PRELIMINARY EVALUATION OF VIRUSES AND INTRACELLULAR BACTERIA STATUS IN URBAN CATS AND THEIR RELATIONSHIP WITH DEVELOPMENT OF

 

PRELIMINARY EVALUATION OF VIRUSES AND

INTRACELLULAR BACTERIA STATUS IN URBAN CATS AND THEIR RELATIONSHIP WITH

DEVELOPMENT OF SCHIZOPHRENIA IN HUMAN

Reza Firouzi

Background:  The scientists (EF

Torrey and RH Yolken, 1995), following their epidemiological studies have

presented the theory and the hypothesis, suggesting the role of domestic cats in

development of schizophrenia (SCZ) in humans.  Cats are well known carriers

of infectious agents such as viruses, bacteria and parasites responsible for

anthropozoonoses and their transmission could eventually be a risk factor for

the development of SCZ and bipolar disorder in humans.

Materials:  Around 60 cat’s sera,

and 34 cat’s brain samples from the Veterinary School of Lyon, France and some

private clinics, as well as 15 schizophrenic, 2 negative sera, 2 series of 10

schizophrenic brain blocks frozen and fixed cortex (parietal – occipital) and 10

brain blocks frozen cerebellum of the same individuals, as well as 5 normal

control brain tissues from the same regions and at the same conditions were

provided by Stanley Medical Research Foundation, Bethesda, MD.

Methods:  The samples were

analyzed for the presence of viruses such as retroviruses, Feline Herpes Virus

(FHV1), Feline Coronaviruses (FCoV), pestiviruses and intracellular bacteria by

PCR or RT-PCR, cloning and sequencing.  In parallel, comparative

histological slides prepared from schizophrenic and cat brain tissues from cats

with neurological syndromes. Immunohistochemistry studies have been carried out

on the same brain tissues, using vp g 68 mouse IgG1 monoclonal antibody anti-FIV

(GP120) and polypesti, oligoclonal-antibody (mixture of murine monoclonal

antibodies) directed against structural gp 48 gp 62 and non-structural p- 80-125

of BVD-MD, BD and HCV strains.  E. microscopy studies were carried out on

10 SCZ, 3 normal tissues (from the parietal-occipital) and 4 cat brain fixed

tissues and after post staining (lead citrate and uranyle acetate) were examined

at the E. microscopy center of the Laennec Medicine Faculty, Lyon, France.

Results: The retroviral sequences

related to Multiple Sclerosis Associate Retrovirus (MSRV) were detected in 1/15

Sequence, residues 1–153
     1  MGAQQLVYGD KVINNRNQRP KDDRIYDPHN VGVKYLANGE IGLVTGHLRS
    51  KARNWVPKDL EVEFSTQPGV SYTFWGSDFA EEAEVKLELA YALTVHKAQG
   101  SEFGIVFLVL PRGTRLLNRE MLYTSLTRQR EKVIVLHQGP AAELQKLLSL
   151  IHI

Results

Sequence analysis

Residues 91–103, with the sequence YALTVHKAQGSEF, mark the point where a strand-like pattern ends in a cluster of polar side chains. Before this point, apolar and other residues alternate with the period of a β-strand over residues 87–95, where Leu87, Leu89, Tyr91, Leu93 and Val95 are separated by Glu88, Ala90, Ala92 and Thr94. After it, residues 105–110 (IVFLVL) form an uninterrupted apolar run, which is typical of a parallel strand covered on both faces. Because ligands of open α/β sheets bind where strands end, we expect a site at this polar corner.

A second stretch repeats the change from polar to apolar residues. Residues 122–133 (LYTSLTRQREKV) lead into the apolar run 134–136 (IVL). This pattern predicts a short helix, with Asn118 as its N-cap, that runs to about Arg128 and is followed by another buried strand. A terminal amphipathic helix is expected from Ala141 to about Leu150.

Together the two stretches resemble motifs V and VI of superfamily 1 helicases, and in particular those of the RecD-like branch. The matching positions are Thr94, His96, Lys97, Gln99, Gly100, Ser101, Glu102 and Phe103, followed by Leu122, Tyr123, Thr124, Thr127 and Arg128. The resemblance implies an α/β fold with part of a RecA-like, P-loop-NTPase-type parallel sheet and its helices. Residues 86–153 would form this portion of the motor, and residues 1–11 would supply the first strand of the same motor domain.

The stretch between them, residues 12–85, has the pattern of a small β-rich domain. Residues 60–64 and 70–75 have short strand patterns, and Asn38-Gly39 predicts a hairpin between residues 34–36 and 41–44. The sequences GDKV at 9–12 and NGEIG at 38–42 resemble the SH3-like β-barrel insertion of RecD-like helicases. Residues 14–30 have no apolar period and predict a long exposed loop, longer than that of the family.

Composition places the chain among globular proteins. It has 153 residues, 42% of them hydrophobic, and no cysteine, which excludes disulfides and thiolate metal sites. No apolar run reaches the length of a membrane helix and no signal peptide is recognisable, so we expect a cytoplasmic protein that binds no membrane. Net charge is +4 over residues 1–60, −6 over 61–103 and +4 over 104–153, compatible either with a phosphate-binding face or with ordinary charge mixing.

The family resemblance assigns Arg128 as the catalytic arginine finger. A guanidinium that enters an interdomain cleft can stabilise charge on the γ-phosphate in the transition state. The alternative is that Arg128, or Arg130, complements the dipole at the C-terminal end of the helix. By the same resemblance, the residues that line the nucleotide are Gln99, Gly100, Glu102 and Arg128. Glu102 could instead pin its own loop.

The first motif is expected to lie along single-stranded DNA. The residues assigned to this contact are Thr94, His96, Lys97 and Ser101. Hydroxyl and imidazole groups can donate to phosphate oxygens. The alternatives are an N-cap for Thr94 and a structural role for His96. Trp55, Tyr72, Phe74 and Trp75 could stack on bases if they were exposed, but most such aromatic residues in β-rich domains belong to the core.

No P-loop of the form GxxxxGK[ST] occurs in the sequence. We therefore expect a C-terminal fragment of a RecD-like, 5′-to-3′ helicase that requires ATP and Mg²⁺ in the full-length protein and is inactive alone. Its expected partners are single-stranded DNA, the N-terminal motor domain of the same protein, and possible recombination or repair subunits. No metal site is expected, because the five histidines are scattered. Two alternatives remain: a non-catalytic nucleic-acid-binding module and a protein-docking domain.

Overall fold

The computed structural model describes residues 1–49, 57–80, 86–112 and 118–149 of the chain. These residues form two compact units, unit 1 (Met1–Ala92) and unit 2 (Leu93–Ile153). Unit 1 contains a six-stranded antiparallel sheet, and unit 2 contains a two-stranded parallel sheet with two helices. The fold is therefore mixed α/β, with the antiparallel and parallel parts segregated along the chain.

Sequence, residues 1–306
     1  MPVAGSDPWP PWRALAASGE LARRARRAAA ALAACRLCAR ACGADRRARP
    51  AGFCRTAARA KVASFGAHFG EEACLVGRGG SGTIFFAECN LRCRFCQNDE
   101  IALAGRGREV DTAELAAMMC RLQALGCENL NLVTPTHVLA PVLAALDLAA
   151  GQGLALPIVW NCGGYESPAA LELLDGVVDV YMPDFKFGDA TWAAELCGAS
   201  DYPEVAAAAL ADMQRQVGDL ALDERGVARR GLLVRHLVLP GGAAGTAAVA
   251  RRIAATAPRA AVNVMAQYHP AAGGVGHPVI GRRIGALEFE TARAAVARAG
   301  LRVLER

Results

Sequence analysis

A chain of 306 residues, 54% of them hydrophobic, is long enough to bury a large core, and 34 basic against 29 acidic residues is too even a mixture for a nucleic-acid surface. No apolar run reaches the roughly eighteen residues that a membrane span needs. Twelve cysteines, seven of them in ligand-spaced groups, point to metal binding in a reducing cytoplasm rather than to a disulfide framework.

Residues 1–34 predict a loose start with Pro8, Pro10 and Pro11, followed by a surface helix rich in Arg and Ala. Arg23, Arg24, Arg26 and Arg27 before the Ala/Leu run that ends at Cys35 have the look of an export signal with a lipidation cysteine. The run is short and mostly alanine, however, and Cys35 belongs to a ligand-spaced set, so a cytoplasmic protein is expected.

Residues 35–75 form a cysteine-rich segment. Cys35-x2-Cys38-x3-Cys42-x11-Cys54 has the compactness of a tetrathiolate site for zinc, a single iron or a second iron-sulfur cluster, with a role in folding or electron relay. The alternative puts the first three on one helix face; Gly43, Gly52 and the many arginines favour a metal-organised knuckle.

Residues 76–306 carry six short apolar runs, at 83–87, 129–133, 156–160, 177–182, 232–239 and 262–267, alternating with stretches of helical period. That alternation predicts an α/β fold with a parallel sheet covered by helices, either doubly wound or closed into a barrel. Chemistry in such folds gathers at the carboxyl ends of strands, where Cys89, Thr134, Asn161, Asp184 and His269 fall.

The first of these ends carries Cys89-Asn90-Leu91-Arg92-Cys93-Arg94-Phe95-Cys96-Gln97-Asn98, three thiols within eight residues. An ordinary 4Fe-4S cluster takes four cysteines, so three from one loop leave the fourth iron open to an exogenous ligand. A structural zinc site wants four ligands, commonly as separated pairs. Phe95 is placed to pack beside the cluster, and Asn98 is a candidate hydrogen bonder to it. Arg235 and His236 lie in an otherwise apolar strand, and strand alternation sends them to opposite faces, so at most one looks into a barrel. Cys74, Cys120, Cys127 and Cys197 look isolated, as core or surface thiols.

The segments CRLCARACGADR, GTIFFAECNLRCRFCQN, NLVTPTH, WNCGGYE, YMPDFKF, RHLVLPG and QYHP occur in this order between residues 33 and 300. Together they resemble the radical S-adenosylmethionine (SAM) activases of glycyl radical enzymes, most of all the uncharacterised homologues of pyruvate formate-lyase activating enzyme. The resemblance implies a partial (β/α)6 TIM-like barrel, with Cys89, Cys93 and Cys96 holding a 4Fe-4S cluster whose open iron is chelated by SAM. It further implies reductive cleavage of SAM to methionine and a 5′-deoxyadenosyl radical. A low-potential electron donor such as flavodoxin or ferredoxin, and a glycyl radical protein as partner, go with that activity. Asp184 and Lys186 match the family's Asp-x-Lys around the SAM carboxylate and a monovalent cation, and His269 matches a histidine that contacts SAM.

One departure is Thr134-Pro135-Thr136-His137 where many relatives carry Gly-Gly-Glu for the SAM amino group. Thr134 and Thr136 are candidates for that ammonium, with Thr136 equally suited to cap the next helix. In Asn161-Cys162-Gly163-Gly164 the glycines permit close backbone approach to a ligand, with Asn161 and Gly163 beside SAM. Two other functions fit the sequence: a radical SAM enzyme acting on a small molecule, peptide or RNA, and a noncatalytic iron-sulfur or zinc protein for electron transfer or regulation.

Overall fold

SCZ and 3/4 cat sera.  Partial retroviral sequences related to mesocricetus

auratus retrovirus have been detected in 2/15 SCZ and 3/40 cat sera. 

Expected band was obtained after DNA amplification from the FHY1 Thymidine

Kinase (tk) sequences, in 2/7 SCZ sera, but following sequencing of numerous

clones, only human genomic DNA could be detected between the up and downstream

tk oligo primers.  No pestivirus or coronavirus could be detected in 15 SCZ

sera, 10 SCZ brain tissues, 60 cat sera and cat brain tissues analyzed. 

The research for intracellular bacteria was negative but only two types of gram

negative  bacteria (stenotrophomonas maltophilia, and a plant root nodule

bacteria) sequences could be detected in 2/15 SCZ sera tested.  No specific

staining on feline or human tissues could be observed following

immunohistochemistry studies. Following EM studies, a few number of probably

defective virus like particles with double membrane and dense nuclide as well as

some type of bacteria have been observed in some of the grids examined.

Discussion:  These preliminary

results may be encouraging for carrying out our studies on more specimens. 

The presence of retroviral sequences related to MSRV in some of the SCZ patients

have previously been detected and discussed by the scientists collaborating with

Stanley Research Foundation.  The presence of the same sequences in some

cats may need further studies on more cat specimens for a correct conclusion,

but it should be worthwhile to mention that, MSRV has recently been demonstrated

to have very close homology with Baboon endogenous retrovirus, which originally

belongs to the feline family.  The presence of mesocricetus auratus

retroviral (already isolated in CNS diseases) sequences both in SCZ and cat

specimens, might be another risk factor for developing schizophrenia, which

should be studied on a greater number of specimens.

Poster: